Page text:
Science Faces

From IMH patient to pillar of support

Mr Ng, 22, was diagnosed with schizophrenia at the age of 18. He was referred to the Early Psychosis Intervention Programme (EPIP) at the Institute of Mental Health, where he got better after receiving help. He now works part-time at the EPIP.
Mr Ng, 22, was diagnosed with schizophrenia at the age of 18. He was referred to the Early Psychosis Intervention Programme (EPIP) at the Institute of Mental Health, where he got better after receiving help. He now works part-time at the EPIP.ST PHOTO: DON CHI

He has schizophrenia and he wants more with the condition to help combat stigma against it

Desmond Ng was 18 and a second-year polytechnic student when he began hearing voices in his head, especially around people in school.

"I would get this feeling of fear and paranoia around them and hear a voice telling me that other people were trying to hurt me, and that I should retaliate before they do," said Mr Ng, now 22.

He thought the voices stemmed from his thoughts and feelings, and did not dwell on them until he felt increasingly stressed. Six months later, he sought help from his tutor and was referred to a counsellor. "That was when I got to know more about psychosis and schizophrenia, and realised the voices might not be my own thoughts," he said.

Psychosis refers to a group of mental disorders, including schizophrenia. Those with the illness can experience hallucinations or delusions, or display abnormal behaviour.

Mr Ng's counsellor suggested he go to Chat Hub, a centre at *Scape that offers free mental health assessments for youth. There, he was referred to the Early Psychosis Intervention Programme (EPIP) at the Institute of Mental Health (IMH).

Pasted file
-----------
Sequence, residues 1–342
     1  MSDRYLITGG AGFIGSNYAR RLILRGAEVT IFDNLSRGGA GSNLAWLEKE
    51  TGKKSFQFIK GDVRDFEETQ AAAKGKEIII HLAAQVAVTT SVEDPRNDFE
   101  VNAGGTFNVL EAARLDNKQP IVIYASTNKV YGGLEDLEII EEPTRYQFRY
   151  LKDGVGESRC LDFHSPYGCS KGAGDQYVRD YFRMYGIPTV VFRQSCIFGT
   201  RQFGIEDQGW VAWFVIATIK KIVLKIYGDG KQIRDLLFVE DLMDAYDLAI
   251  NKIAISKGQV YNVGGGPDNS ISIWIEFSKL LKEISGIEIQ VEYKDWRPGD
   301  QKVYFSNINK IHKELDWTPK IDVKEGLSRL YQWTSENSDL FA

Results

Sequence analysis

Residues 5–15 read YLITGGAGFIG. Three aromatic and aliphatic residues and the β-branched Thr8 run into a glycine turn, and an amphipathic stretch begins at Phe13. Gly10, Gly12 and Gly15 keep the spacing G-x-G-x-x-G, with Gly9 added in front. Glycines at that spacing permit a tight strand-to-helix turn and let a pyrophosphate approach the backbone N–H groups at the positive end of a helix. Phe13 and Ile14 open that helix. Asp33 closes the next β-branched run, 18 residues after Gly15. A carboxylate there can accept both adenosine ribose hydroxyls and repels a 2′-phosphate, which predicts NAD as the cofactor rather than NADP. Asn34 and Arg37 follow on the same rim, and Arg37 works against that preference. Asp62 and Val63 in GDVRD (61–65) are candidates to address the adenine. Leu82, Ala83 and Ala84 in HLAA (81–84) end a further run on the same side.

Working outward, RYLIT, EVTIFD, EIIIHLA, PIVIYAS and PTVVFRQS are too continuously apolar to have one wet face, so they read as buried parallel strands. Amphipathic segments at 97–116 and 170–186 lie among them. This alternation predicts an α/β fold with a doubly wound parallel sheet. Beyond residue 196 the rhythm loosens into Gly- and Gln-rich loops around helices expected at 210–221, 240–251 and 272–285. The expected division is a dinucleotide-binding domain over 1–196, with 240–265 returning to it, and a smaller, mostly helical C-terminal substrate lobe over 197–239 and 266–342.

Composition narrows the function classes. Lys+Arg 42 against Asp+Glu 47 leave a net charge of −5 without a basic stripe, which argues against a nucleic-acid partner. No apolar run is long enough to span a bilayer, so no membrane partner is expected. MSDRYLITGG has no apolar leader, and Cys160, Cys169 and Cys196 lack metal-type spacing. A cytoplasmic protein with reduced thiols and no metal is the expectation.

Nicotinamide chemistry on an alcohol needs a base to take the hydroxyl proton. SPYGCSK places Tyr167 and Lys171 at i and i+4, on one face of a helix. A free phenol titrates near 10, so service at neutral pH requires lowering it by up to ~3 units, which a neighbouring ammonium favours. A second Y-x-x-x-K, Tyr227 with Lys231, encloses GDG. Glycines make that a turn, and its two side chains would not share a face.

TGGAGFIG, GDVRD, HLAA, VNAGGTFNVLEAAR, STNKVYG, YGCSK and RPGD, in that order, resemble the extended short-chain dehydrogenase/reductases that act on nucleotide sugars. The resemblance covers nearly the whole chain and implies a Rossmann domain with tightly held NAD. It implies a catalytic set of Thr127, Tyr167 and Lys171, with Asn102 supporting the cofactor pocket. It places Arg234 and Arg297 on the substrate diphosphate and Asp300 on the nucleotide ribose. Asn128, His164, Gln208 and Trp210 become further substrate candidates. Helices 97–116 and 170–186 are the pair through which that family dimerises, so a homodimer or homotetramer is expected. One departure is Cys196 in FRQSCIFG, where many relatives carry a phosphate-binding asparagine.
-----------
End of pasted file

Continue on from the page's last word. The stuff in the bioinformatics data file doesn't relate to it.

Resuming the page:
But his parents did not initially accept the diagnosis and believed he was possessed by spirits. "They took me to a medium a few times to see if anything worked," he said.

He and his parents had a lot of arguments over how to deal with his episodes. But multi-family group sessions helped them accept his illness after three years.

The sessions were held once a month by the EPIP. Five to six families gather to discuss patients' symptoms and coping strategies used by patients and parents.

While speaking to a therapist and taking medication helped alleviate the symptoms of his illness, it was meeting his peers at EPIP that really paved Mr Ng's way to recovery.

He was reluctant to interact with people initially but was persuaded not only to do so, but to also join activities like sports. He said that meeting those who got better and "hearing their stories and struggles really drives me to think that I can do this".

He met a "peer support specialist" at a workshop and thought about becoming one himself. Such specialists can be recovering patients or caregivers of recovering patients.

"They showed me that they could use their stories to inspire others, help others, and learn more about themselves in the process."

While Mr Ng still hears voices and goes for occasional follow-ups with his doctor and psychotherapist, the condition does not bother him as much now. He works part-time at EPIP as a peer support specialist to facilitate activity groups that explore each person's strengths and remind patients that there are ways to cope with the illness.

Mr Ng hopes more patients will share their stories. "Right now, there's a stigma around... talking about mental illnesses, so hopefully we might have people seeing that it's okay to talk about it."

A version of this article appeared in the print edition of The Straits Times on September 30, 2016, with the headline 'From IMH patient to pillar of support '. Print Edition | Subscribe